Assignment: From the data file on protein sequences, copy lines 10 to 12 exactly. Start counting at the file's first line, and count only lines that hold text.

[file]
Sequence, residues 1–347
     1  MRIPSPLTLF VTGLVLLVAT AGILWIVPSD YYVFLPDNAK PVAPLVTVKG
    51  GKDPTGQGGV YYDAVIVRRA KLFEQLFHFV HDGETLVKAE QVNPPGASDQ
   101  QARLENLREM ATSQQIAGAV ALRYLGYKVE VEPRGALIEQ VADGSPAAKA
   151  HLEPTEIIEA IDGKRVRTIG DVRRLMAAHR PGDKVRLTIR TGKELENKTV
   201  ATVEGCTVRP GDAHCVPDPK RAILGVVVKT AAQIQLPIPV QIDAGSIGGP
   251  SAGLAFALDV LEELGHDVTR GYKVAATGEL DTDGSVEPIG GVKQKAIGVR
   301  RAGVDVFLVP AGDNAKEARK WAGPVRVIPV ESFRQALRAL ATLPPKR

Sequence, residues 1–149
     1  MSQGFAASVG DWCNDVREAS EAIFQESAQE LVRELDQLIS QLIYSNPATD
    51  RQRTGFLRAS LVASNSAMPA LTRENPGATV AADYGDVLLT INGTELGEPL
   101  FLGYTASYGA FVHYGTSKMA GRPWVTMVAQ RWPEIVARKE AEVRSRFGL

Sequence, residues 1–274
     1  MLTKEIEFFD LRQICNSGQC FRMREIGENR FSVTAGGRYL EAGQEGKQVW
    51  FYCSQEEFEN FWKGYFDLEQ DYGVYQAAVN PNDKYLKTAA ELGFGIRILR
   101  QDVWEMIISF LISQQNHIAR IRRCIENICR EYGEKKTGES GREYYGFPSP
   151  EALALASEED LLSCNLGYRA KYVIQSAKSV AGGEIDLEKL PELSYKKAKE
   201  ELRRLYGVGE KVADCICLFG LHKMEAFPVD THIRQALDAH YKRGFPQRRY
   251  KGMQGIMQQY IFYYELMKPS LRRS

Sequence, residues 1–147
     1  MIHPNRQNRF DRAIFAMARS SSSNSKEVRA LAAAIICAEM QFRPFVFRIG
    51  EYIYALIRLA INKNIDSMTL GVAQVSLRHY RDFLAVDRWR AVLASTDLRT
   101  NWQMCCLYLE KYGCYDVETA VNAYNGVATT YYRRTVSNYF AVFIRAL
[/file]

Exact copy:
     1  MSQGFAASVG DWCNDVREAS EAIFQESAQE LVRELDQLIS QLIYSNPATD
    51  RQRTGFLRAS LVASNSAMPA LTRENPGATV AADYGDVLLT INGTELGEPL
   101  FLGYTASYGA FVHYGTSKMA GRPWVTMVAQ RWPEIVARKE AEVRSRFGL